by Restorations Therapy Center on Friday, October 9th, 2020
The common belief about trauma is that once an experience has ended, a person develops symptoms as a result of the event. While this is true, symptoms do not always develop immediately after. In fact, delayed symptoms of trauma are quite common. Many people can feel that their trauma is invalidated because of its delayed onset of symptoms. Understanding the reasoning behind the delayed onset of trauma and how to cope with it can lead to better healing and less stigmatization.
To have delayed trauma symptoms means that you went through a traumatic event and did not experience any symptoms related to it until at least six months after. However, not everyone develops symptoms right at the six-month mark. Delayed symptoms can appear even a year or more after the traumatic experience.
Those that experience delayed symptoms often do experience some impact of the trauma following the event. However, the symptoms may not be enough to diagnose PTSD. The symptoms can become worse later if the person undergoes any distressing situations or another traumatic experience. This is when the delayed symptoms typically set in.
This can happen because additional stress or traumatic experiences can hinder a person’s ability to cope with previous experiences. Thus, symptoms become more severe and the person experiences a delayed onset of trauma symptoms, enough for a PTSD diagnosis.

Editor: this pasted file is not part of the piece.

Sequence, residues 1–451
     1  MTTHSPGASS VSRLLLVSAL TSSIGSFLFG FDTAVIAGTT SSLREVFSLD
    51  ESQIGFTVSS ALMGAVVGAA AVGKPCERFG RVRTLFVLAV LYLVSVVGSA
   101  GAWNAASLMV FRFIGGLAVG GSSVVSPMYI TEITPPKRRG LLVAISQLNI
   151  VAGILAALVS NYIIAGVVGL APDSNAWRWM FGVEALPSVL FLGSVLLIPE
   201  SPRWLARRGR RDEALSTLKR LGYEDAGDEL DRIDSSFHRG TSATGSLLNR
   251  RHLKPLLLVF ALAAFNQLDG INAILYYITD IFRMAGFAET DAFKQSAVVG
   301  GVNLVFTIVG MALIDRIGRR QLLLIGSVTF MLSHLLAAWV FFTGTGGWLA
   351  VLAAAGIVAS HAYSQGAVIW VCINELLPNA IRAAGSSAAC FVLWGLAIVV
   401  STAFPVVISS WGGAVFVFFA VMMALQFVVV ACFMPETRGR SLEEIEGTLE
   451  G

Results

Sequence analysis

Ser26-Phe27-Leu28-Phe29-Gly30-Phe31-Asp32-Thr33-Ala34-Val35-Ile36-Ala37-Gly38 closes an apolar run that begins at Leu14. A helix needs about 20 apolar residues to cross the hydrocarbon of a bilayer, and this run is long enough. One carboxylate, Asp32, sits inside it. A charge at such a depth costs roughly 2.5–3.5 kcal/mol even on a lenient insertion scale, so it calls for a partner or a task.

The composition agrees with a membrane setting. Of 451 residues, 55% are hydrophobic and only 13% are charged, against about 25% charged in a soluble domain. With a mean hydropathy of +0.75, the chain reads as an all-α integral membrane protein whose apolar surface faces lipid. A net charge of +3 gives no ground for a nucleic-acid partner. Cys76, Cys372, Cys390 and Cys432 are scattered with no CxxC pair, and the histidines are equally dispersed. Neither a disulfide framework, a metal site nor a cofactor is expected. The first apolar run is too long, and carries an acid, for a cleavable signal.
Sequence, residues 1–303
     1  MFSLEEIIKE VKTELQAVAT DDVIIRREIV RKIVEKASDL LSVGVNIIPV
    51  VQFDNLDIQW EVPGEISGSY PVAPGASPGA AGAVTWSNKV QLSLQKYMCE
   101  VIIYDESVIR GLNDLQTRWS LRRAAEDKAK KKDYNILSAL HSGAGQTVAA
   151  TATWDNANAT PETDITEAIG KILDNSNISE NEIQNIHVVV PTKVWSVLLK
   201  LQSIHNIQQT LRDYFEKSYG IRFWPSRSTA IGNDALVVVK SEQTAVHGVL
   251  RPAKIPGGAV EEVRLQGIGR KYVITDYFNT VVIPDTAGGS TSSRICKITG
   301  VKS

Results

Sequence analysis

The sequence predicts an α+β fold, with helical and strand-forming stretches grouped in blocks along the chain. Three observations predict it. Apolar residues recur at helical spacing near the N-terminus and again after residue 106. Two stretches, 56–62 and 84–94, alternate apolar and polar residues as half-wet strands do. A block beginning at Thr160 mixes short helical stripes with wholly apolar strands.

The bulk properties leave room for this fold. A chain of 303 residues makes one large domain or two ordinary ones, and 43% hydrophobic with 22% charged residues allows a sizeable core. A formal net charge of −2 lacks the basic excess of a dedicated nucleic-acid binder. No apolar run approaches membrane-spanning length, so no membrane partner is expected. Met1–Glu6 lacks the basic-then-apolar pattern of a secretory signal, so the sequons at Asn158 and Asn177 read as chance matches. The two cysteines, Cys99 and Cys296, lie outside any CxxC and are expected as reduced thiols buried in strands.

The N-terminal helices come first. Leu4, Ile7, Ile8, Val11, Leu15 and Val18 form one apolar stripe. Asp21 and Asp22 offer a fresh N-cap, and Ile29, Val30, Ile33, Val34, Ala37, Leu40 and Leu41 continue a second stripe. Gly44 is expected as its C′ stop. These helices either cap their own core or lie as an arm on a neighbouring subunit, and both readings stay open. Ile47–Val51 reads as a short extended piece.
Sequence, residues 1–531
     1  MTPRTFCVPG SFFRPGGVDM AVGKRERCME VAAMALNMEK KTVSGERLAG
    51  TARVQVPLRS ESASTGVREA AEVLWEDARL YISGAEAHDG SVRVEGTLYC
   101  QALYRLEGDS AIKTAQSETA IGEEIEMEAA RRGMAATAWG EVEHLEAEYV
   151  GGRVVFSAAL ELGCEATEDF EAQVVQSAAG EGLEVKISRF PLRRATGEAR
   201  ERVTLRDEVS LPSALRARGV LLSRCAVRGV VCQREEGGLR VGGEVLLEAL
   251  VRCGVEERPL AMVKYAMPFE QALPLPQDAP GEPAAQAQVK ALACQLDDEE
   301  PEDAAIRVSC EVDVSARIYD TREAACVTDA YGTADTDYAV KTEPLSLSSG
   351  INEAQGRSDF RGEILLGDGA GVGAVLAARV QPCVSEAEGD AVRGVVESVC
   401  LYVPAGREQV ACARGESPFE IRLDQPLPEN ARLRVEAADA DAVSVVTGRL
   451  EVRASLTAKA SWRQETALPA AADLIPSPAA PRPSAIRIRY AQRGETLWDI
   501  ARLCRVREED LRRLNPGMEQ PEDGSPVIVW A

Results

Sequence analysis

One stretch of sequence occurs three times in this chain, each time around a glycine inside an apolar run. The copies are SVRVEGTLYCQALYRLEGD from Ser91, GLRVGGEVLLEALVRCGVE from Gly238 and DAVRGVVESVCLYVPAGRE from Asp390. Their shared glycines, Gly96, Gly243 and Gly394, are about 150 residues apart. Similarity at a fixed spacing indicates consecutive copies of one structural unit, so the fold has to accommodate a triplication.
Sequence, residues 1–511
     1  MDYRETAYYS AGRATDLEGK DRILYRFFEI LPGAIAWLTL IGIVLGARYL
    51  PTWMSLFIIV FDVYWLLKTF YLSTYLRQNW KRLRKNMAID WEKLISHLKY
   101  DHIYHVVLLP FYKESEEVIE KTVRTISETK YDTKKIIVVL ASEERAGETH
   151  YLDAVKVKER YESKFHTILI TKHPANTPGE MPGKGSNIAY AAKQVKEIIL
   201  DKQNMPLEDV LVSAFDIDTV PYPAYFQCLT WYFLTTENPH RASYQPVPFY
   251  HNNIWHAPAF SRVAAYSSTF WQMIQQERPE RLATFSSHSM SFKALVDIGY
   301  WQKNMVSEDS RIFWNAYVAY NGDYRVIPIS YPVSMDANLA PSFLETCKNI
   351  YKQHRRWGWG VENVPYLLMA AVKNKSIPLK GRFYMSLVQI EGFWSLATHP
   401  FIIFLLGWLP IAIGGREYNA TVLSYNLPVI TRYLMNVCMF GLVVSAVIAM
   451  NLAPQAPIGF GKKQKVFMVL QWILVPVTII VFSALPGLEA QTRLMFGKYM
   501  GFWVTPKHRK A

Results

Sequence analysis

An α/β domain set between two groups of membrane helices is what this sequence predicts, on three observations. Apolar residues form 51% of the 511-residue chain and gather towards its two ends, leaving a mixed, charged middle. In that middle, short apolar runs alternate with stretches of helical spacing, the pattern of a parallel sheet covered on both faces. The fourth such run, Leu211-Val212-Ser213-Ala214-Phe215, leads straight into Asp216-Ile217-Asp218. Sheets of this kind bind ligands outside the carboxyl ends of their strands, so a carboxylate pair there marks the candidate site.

Each person experiences trauma symptoms in a different way. Some have symptoms that dissipate over time while others have persistent symptoms that may become more severe. Even if you do not initially meet the criteria for a PTSD diagnosis, treatment for PTSD can help you cope with what happened to you.
The important thing to remember is to deal with what happened to you in a healthy and proactive way that involves talking about and healing from the event. This is the only way to truly heal, as suppressing memories of the event will only cause more harm.
Trauma presents itself in many ways, including various situations, symptoms, and coping strategies. Some individuals experience symptoms of trauma directly following the traumatic experience while others have minimal symptoms until six months or more after the event. The reasons behind this may be that the person is able to cope with the event at the time and therefore only experience a few symptoms, not enough for a PTSD diagnosis. However, life stressors or additional trauma can trigger more severe symptoms. Treating these symptoms is best handled in a PTSD treatment program, even if you are not experiencing enough symptoms for a PTSD diagnosis. Experiencing a delayed onset of trauma does not make your experience any less valid than others’ stories. For more information on the delayed onset of trauma and how you can heal from it, call RestorationsTherapy today at (720) 446-6585.